This is a great book. A great read about really what was the pivotal point in pro cycling in the modern era. Hinault represented the "old guard" of cycling. A figure so prominent an dominating that he was in fact the "patron of the peleton". Riders were in awe of him and often outright feared him. Some loved him, some hated him. LeMond represented the American invasion into one of the holy of holy European sports. Even though Jock Boyer had been there for years he wasn't a talent like LeMond. I always admired LeMond because he respected the sport and the traditions of sport. The 1980's to me represents the end of the "honest" cycling era. Sure there were doping issues during the 60's 70's and 80's (Delgado in '88) etc... But EPO really changed the sport and has ruined cycling IMO. I digress.

If you are a fan of bicycle racing and especially a fan of the Hinault, Fignon, LeMond, Roche, Kelly era of the 1980's this is a must read book. Moore goes way out of his way to write a fair and balanced book on what was, is, to many of us one of the greatest and most dramatic Tour de France races ever. Because of technology, sophisticated doping, and the money now involved in cycling racing like this no longer happens today. Cycling has become a sport of specialists and is orchestrated to the minute detail. Love him or hate him Hinault raced like few have after him.
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10 of 10 people found the following review helpful By Thomas Purcell on September 12, 2011
Format: Paperback Verified Purchase
I had read portions of this book in a cycling magazine, and they were so good, I had to get the book. Very well-written, with a real understanding of the inside aspects to professional cycling. Richard Moore's style fits the true-life characters very well, as he moves from interview to interview with the main and the associated people in the story. One would not need to be a hard-core cycling fan to appreciate this book; it's a real page turner.
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5 of 5 people found the following review helpful By 50m6 on January 24, 2013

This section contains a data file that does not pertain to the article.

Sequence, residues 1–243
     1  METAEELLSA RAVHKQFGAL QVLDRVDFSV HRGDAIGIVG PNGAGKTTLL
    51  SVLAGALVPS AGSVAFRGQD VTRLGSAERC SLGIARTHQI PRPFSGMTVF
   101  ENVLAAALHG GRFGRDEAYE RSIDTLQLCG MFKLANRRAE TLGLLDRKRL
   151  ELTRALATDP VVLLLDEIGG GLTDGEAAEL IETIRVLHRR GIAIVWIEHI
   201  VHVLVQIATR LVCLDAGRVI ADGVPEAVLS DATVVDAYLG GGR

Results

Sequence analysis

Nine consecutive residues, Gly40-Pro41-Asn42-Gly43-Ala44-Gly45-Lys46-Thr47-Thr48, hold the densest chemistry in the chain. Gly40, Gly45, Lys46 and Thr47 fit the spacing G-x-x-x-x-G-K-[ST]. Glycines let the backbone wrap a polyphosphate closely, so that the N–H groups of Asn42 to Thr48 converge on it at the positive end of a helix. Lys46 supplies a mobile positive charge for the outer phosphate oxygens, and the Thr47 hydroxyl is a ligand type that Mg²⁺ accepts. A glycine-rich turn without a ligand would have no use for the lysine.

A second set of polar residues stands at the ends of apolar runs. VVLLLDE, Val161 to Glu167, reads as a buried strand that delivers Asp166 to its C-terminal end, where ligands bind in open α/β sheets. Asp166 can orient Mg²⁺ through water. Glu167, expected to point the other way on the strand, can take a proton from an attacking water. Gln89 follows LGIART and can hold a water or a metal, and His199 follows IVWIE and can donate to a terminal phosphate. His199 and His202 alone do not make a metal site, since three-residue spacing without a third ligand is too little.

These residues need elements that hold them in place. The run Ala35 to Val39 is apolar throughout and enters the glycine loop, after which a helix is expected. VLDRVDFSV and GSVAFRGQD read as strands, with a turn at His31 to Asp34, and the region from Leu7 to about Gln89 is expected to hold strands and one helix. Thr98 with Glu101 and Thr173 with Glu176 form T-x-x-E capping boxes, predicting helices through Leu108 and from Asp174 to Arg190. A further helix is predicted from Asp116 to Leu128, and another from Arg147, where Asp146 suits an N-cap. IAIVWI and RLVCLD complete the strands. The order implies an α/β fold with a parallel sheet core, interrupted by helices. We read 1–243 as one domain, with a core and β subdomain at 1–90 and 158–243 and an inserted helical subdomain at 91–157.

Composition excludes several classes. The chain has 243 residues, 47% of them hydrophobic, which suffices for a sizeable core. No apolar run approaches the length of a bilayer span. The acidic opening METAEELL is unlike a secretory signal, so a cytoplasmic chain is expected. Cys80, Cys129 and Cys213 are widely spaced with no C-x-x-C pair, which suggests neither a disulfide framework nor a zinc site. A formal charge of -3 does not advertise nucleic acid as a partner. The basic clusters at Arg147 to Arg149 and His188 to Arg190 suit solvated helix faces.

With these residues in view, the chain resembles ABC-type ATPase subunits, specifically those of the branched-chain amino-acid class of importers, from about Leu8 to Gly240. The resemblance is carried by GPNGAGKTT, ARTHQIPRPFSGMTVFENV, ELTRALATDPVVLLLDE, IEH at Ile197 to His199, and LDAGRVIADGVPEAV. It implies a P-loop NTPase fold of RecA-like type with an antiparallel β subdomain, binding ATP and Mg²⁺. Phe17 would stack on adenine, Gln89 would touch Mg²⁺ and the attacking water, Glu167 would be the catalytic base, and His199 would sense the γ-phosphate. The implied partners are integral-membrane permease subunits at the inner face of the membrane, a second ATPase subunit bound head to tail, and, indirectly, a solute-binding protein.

Format: Paperback
I'm an 80's kid--or was--and in the summers I would work on my dad's truck, delivering cold-cuts and salads out of his refrigerated truck to delis and restaurants all along the New Jersey shore. For a teenager, this was some sort of hell (imagine walking past beautiful, bikini-clad woman, sipping lemonade, bodies golden brown, as you hall pear-shaped hams, 3 to an arm, smelling of wet meat and heavily mayonnais-ed salads. GOD that sucked). But I digress. ANYway, one particular customer was a huge cycling fan, his deli walls plastered with posters of European gods of the road: Hinault, Merckx, Anquetil, Kelly, Gimondi, Indurain, etc., etc. For 2 summers, I memorized his walls as a little game, and before we entered the parking lot to his deli, I told my dad who was on each wall, checking myself once inside, as Pop took inventory. I was never wrong, but one day, there was a fifth poster on a wall that I knew to only have 4. Greg Lemond, it read. Another Frenchman. Okay, I'll remember that one. As we were set to leave, the deli owner called out to me, "And by the way, how do you like our new American superstar?" What? American who? And that's when I first heard about Greg Lemond, the first American to win the Tour De France, the world's greatest race on 2 wheels. I took a few steps back into the store and examined the poster one more time. Greg Lemond, an American in TDF yellow. I was more than intrigued. That moment made me save my summer's worth of dough and buy my first road bike, a $325 drop-dead gorgeous Peugeot, cage pedals, steel frame, soft green, with yellow, red and black racing-stripe accents. And since then, I have been WAITING for a more-or-less definitive chronicling of that greatest of all Tours.Read more ›
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5 of 5 people found the following review helpful By Bobby B on September 15, 2011
Format: Paperback Verified Purchase
Greg LeMond has always been one of my heroes. Before reading this book, I really didn't know much about Bernard Hinault, except that he was a 5-time winner of the Tour. I was enlightened by this book. The author does a good job of trying to tease out the truth of what really happened at the 1986 TdF. But...there's truth with a 'T' and then each characters version of the truth. Maybe we will never truly know what the Badger's intentions where that year. I have a newfound respect for Le Blaireau as well! Lemond and Hinault come to life in this book. If you are a fan of cycling or even just a fan of sport, this book is a page turner.
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8 of 9 people found the following review helpful By Nztayls on June 19, 2011
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Outstanding book. Couldn't put it down. Very well written and covers the story from both sides. Lemond was my idol growing up as a teenager getting started in cycling, and now to be able to read the full story of what happened during 1986, and also to learn more about Hinault was fascinating.